videshis" and "the Western Express Highway rapidly turning red". In spite
of this tone, there was some grudging respect because of the "galaxy of
high-profile speakers," including Nobel laureate Shirin Ebadi, Shabana
Azmi, Arundhati Roy, Mary Robinson, Ahmed Ben Bella, Vandana Shiva, and
Mustafa Bargouthi.

Special focus was also given to peace campaigners/musicians like Junoon,
Indian Ocean and Gilberto Gil. In fact, the safe areas of music, theater
and art garnered the most positive media coverage.

Finally, in another nod to star power, the Times editorial page ran an
interview with Joseph Stiglitz, author of "Globalization & Its
Discontents" and one of the star speakers at WSF. In the introduction, the
writer called him "the outsider who came in from the cold" -- an odd term
for a former Chief Economist of the World Bank and advisor to the Clinton
administration, but appropriate given his new role as a vocal critic of
unfettered free market dogmas.

Even when giving flattering coverage to the high-profile participants, the
papers still slip into a tone of "Who are all these people, and what do
they want?" In MidDay's special feature, a chart highlighted five star
speakers, and then added a section called "Who Has He Pissed Off?" Typical
entries in this section are the ones for Stiglitz ("The World Bank and the
IMF-- he resigned over disagreements") and Jose Bove ("McDonald's -- he
demolished an outlet"). But the more sobering one is for George Monbiot,
Guardian journalist and author of "The Age Of Consent." Under "Who has he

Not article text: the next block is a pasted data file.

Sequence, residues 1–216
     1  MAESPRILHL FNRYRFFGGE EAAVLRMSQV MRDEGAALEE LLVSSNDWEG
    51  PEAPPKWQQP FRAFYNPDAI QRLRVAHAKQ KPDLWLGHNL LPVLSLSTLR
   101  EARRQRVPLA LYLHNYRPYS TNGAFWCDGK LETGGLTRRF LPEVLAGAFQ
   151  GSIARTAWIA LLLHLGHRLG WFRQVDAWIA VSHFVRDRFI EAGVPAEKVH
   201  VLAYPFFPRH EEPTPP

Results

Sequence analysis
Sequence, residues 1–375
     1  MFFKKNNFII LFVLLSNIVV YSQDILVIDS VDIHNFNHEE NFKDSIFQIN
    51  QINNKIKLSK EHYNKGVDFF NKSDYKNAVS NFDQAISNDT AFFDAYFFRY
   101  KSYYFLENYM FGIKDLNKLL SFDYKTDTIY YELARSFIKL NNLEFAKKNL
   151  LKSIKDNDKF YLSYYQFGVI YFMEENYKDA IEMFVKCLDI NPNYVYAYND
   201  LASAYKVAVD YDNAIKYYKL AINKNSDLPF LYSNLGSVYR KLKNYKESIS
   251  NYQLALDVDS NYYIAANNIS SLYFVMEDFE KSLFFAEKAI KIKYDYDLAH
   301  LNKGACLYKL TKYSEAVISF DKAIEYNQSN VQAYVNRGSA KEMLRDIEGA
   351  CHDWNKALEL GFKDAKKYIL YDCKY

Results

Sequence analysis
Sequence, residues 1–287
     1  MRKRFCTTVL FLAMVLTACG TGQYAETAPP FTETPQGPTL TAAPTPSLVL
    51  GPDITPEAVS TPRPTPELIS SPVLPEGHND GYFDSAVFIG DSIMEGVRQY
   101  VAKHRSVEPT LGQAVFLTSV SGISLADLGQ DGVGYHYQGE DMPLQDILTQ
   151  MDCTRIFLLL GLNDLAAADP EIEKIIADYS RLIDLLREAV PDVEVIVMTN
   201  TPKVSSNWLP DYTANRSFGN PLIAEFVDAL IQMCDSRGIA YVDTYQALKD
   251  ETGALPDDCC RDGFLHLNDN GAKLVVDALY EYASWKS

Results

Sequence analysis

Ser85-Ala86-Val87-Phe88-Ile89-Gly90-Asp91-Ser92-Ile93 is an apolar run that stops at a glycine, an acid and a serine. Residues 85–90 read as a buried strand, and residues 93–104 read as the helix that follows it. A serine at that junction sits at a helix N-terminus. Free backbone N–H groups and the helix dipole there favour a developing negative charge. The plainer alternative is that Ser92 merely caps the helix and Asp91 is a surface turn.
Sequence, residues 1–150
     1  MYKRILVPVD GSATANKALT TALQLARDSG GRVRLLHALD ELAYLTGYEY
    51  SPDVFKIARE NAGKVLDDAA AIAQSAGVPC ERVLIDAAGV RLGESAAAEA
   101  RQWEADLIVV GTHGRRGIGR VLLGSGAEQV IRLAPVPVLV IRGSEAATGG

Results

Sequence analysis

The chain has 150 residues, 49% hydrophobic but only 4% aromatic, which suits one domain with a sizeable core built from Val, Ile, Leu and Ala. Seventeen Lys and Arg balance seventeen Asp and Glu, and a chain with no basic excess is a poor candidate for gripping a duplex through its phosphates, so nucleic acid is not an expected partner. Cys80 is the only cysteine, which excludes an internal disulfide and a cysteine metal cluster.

pissed off?" runs a list of horrendous travails in the line of reporting:
"He has been shot at, beaten up by military police, pronounced clinically
dead and had a metal spike driven through his foot."

Anticipating the mainstream media's dismissive or lopsided coverage of the
WSF, the event organizers have focused heavily on creating their own media
infrastructure. Following the model of and many other
decentralized news groups, there has been a big push to create
self-generated press coverage, without depending on the major outlets.
Although the opening day of the WSF has at times seemed overwhelming, the
Media Center has been humming along like a smoothly oiled machine. Walking
into the Media Center for the first time, I faced a bifurcated selection
system. There was one room for "Alternative Media," and a much larger
section for "Mainstream Media." Driven partially by the better ratio of
computers to people, I registered as "Alternative" and headed to the less
crowded room. It was clear that technology and media was a key focus of
the planning committees. Naresh Fernandes, formerly a fixture of New
York's journalism scene, was one among many organizers who worked round
the clock to set the center up.

On opening day, we were pleasantly surprised to find the Media Center full
of two hundred computers, fully wired and connected over high-speed
Internet lines. A few technology veterans were being assisted by dozens of
young volunteers. As with much technology, the younger the volunteers, the
better they were able to troubleshoot problems. Even with outlandish
requests (one French journalist wanted to install her Palm Pilot software
on the machine, until I pointed out she would be using a different machine
every time), the volunteers are handling it with calm perseverance.

In keeping with the WSF spirit, None of the machines have Microsoft
Windows products. Instead, the Free Software Foundation is running
Linux-based free operating systems, with open-source software like Open
Office (Debian Project) and Mozilla web browsers. As I was chatting with
Danesh, one of the volunteers, I commented on the lack of familiar
software. He laughed quietly and replied, "We say another world is
possible! Well, how can a new world be created on Windows platforms?"